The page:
I've had the privilege of seeing some inspiring and inspired athletic performances over the past 10 years. At Southern Hills in the '77 U.S. Open, I watched Arnold Palmer birdie the 12th hole by sinking a chip shot. Arnie's Army went totally insane, and many of its members were in tears. I saw John Carlos run a 20-second 220—from the rear. I was in tears. I saw Lou Brock get his 3,000th hit. But by far the most memorable moment for me occurred that night in 1968. I'll never forget seeing the bottom of Beamon's spikes coming directly at me and then, somehow, floating on by and coming down to a world record.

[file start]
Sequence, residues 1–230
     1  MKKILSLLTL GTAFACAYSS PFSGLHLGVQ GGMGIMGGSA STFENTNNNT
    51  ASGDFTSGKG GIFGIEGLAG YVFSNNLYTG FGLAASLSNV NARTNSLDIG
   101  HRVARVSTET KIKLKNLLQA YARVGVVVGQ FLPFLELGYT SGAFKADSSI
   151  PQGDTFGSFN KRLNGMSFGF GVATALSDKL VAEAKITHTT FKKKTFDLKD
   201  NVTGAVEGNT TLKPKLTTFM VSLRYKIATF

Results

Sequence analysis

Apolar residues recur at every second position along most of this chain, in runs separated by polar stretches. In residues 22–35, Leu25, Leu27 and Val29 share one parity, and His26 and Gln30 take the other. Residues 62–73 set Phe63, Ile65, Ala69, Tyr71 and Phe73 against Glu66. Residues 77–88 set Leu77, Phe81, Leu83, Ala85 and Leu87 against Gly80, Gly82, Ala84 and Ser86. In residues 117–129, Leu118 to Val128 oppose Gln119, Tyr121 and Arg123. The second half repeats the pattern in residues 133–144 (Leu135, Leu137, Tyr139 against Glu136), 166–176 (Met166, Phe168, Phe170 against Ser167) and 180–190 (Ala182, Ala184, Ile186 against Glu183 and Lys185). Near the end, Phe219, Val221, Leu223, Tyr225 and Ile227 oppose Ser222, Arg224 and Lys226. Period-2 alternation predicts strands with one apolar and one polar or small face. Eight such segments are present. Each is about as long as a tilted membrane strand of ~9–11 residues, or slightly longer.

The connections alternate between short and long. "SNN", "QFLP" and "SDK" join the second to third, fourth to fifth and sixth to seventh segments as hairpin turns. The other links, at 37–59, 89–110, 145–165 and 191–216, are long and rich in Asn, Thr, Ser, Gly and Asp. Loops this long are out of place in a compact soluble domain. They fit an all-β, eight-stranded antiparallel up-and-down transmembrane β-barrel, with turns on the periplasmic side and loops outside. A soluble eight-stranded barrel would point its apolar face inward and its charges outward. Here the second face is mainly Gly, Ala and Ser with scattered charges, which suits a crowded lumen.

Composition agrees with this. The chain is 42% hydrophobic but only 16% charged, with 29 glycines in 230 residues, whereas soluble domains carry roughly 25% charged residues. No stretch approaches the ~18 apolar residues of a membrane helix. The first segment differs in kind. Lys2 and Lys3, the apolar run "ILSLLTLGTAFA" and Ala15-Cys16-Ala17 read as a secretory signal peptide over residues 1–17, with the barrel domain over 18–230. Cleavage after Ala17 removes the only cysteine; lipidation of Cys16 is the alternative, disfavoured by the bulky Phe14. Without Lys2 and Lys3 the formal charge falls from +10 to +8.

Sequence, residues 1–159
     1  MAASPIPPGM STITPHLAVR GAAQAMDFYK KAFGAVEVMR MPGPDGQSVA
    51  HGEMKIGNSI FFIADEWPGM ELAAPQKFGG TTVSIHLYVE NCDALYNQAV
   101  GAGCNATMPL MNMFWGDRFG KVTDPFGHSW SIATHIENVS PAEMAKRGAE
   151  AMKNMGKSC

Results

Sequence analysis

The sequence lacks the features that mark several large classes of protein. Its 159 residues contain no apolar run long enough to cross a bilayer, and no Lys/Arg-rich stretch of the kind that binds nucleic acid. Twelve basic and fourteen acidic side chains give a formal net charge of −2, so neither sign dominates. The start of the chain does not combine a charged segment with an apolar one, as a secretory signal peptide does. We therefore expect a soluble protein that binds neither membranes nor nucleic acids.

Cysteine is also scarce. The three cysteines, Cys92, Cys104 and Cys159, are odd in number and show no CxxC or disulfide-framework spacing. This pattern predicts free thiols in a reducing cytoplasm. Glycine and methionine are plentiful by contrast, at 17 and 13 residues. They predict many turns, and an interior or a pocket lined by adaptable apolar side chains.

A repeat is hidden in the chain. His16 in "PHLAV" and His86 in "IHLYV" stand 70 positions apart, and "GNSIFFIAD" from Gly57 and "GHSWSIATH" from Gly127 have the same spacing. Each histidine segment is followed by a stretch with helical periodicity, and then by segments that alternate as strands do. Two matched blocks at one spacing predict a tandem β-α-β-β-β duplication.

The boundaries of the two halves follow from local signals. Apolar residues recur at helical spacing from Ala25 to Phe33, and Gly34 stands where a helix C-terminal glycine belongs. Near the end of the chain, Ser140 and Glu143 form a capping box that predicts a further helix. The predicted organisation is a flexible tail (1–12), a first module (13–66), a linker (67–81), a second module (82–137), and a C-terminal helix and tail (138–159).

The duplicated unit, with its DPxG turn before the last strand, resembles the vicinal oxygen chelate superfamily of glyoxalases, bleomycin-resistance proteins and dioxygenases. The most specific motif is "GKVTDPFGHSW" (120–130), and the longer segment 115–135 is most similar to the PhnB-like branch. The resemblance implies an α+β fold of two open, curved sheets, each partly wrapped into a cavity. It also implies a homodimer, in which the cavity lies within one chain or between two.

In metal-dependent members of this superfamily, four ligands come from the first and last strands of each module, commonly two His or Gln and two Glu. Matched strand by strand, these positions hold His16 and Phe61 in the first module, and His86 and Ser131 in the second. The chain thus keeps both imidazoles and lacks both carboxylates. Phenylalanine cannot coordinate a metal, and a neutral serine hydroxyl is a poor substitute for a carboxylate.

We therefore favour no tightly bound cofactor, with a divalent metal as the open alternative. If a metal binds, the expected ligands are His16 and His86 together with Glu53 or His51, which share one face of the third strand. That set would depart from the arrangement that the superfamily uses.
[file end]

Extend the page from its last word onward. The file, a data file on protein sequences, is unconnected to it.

When Beamon made his big leap at the Olympics, I felt as if I had a personal stake in the achievement. Whenever I hear people talk about the Jump, I get a bit of a smile on my face, remembering the night Beamon turned my agony to ecstasy.